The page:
For comparison, the black trace in fig.5 is the S3/5's response averaged across a 30 degrees horizontal window on its tweeter axis, spliced to its nearfield woofer response. Despite the cabinets of the two speakers being identically sized and the woofers looking the same, the S3/5 is tuned to a higher frequency—84Hz vs 71Hz—with a slightly less damped alignment. Some of the rise in the upper bass will therefore be real, which I assume was done to better balance the S3/5's less reticent top octave (see later). AD didn't remark on any differences in the LF region, however. The individual drive-unit responses are plotted in red in this graph, and can be seen to cross over at 4.5kHz. But note that the '3/5's tweeter is balanced a couple of dB "hotter" than that in the 'se. All else being equal, that will go some of the way toward explaining AD's description of the differences in the speakers' trebles.
Fig.5 Spendor S3/5, anechoic response on tweeter axis at 50", averaged across 30 degrees horizontal window and corrected for microphone response, with the individual responses of the tweeter and woofer (red trace above 300Hz), and the nearfield response of the woofer (red trace below 300Hz).
The big factor that stops things being equal, of course, is the speaker's dispersion. Fig.6 shows how the S3/5se's balance varies to the sides of the tweeter axis. The radiation pattern is remarkably even, something that ties in with stable, accurate stereo imaging. Despite its top-octave rollout, that 0.75" tweeter does maintain its HF output to 20 degrees off-axis, which will ameliorate the audibility of the rollout in rooms of small to medium size. However, the tweeter does increasingly roll off above 12kHz at more extreme off-axis angles.
Fig.6 Spendor S3/5se, lateral response family at 50", normalized to response on tweeter axis, from back to front: differences in response 90 degrees-5 degrees off-axis, reference response, differences in response 5 degrees-90 degrees off-axis.
The S3/5's lateral dispersion (not shown) is basically similar, but with its higher crossover frequency, the beginnings of an off-axis flare between 5 and 10kHz can be seen, due to the woofer's starting to beam in the octave below that region. This will accentuate the audibility of the '3/5 tweeter's slightly elevated level compared with the 'se's.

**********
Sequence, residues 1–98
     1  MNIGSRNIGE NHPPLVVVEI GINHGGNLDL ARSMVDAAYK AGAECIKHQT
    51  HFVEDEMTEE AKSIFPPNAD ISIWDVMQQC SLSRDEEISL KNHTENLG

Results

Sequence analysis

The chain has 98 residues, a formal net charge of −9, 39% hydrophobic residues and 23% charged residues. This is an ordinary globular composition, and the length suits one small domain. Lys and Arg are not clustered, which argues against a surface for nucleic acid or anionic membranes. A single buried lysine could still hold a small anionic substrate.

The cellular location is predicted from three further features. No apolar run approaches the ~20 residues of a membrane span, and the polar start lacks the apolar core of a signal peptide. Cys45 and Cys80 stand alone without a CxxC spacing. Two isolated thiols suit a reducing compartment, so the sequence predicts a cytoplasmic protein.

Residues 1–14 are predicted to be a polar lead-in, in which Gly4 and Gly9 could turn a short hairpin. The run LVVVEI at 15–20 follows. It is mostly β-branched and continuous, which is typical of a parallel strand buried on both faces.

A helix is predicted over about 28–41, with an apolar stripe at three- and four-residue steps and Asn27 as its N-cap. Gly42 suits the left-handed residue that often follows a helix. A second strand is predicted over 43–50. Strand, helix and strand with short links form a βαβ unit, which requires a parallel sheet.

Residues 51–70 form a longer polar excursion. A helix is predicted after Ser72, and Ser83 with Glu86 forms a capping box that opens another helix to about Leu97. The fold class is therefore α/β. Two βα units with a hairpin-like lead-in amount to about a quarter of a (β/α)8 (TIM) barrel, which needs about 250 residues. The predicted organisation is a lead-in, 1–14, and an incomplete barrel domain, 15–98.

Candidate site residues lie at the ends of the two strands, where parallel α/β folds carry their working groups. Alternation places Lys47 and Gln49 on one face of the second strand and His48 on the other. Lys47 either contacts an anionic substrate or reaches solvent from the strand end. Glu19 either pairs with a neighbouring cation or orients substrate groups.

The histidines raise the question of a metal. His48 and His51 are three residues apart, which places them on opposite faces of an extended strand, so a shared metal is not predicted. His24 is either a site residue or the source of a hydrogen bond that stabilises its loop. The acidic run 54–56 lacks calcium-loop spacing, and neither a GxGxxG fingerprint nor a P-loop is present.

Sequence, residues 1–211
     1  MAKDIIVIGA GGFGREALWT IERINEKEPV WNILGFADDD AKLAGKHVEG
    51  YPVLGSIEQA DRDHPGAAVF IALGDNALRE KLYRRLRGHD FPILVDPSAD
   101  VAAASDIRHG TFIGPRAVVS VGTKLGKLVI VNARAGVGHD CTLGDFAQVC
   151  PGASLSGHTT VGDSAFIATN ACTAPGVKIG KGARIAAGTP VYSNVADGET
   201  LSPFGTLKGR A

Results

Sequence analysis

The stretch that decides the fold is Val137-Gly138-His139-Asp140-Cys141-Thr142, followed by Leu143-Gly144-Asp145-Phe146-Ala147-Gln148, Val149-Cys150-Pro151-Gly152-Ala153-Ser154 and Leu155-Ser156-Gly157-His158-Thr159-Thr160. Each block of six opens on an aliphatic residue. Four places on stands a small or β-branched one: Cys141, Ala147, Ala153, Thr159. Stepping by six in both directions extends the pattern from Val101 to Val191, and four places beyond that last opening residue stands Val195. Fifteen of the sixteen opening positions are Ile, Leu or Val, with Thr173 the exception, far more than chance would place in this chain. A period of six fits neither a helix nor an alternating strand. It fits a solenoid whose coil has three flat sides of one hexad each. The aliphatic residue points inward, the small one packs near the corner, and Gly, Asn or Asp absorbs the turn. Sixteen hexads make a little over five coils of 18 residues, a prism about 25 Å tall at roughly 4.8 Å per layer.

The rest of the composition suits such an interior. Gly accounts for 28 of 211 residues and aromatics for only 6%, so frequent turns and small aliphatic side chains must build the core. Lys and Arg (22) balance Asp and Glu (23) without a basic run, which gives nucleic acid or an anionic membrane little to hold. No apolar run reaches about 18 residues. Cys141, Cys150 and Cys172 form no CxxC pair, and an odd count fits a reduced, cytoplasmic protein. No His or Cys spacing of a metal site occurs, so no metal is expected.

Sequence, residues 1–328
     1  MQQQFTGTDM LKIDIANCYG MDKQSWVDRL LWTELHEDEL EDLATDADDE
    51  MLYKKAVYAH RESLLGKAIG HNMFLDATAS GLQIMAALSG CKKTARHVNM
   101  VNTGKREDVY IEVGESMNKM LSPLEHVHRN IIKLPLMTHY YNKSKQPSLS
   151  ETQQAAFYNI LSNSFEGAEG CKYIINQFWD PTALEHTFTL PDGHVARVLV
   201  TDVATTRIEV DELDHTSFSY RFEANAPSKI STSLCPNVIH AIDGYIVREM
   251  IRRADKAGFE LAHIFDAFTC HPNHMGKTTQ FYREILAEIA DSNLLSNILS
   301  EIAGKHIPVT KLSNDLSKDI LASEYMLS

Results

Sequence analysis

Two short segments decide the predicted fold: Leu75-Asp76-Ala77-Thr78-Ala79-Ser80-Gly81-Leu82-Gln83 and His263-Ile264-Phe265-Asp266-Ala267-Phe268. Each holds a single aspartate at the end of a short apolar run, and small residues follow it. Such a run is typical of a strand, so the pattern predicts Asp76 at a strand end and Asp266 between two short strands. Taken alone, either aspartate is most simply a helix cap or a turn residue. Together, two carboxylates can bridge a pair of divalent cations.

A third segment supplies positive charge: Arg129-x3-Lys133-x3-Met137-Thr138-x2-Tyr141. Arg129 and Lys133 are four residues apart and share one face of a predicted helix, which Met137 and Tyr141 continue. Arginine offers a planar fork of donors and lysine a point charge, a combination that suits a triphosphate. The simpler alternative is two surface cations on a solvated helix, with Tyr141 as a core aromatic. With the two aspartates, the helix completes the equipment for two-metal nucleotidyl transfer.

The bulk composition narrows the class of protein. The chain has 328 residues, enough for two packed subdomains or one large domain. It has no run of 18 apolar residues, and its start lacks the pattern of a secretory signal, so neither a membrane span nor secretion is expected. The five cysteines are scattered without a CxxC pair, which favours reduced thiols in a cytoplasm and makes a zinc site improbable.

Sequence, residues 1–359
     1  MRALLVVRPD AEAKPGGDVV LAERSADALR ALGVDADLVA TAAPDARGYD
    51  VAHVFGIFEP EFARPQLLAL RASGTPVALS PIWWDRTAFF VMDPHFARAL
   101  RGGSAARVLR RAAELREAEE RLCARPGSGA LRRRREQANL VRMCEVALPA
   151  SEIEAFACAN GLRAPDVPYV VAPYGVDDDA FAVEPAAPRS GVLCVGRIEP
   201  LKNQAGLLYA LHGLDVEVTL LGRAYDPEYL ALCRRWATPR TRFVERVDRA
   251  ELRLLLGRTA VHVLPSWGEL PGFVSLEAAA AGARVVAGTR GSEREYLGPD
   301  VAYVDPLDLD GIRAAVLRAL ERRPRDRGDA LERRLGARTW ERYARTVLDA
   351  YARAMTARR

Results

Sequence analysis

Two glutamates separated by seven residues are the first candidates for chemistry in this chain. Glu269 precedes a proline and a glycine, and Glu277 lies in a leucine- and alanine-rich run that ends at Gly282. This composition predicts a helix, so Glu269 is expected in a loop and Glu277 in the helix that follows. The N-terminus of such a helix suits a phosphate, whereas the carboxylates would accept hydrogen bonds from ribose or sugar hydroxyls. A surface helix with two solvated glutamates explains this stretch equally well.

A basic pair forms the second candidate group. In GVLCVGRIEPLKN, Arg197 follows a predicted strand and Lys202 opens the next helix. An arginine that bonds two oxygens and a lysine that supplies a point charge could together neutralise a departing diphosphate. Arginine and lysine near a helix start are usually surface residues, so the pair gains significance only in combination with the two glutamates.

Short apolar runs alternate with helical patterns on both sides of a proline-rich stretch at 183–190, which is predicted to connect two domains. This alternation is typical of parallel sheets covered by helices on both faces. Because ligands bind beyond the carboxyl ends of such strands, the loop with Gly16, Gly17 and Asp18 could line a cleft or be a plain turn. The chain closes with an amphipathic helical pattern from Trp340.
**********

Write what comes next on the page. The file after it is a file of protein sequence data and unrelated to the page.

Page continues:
In the vertical plane (fig.7), a suckout in the crossover region develops at off-axis angles greater than +5 degrees and -10 degrees, suggesting that the user's stands should place the tweeters at ear level for the best results. However, I note that AD was not bothered too much by differences in listening height.
Fig.7 Spendor S3/5se, vertical response family at 50", normalized to response on tweeter axis, from back to front: differences in response 45 degrees-5 degrees above axis, reference response, differences in response 5 degrees-45 degrees below axis.
In the time domain, the '3/5se's step response (fig.8) indicates that the tweeter and woofer are connected with the same positive polarity, the former slightly but inconsequentially leading the latter in arrival time at the microphone. The cumulative spectral-decay plot on the tweeter axis (fig.9) is very clean, particularly in the tweeter region, though a low-level ridge of delayed energy can be seen at 4.5kHz.
Fig.8 Spendor S3/5se, step response on tweeter axis at 50" (5ms time window, 30kHz bandwidth).
Fig.9 Spendor S3/5se, cumulative spectral-decay plot at 50" (0.15ms risetime).
There were no smoking guns to be found in the S3/5se's measurements, though it is fair to point out that its maximum loudness will be limited by increasingly nonlinear behavior compared with larger, more sensitive speakers. But when used within its dynamic limits in a small, not too absorptively furnished room, the little Spendor S3/5se will give, as AD found, excellent performance.—John Atkinson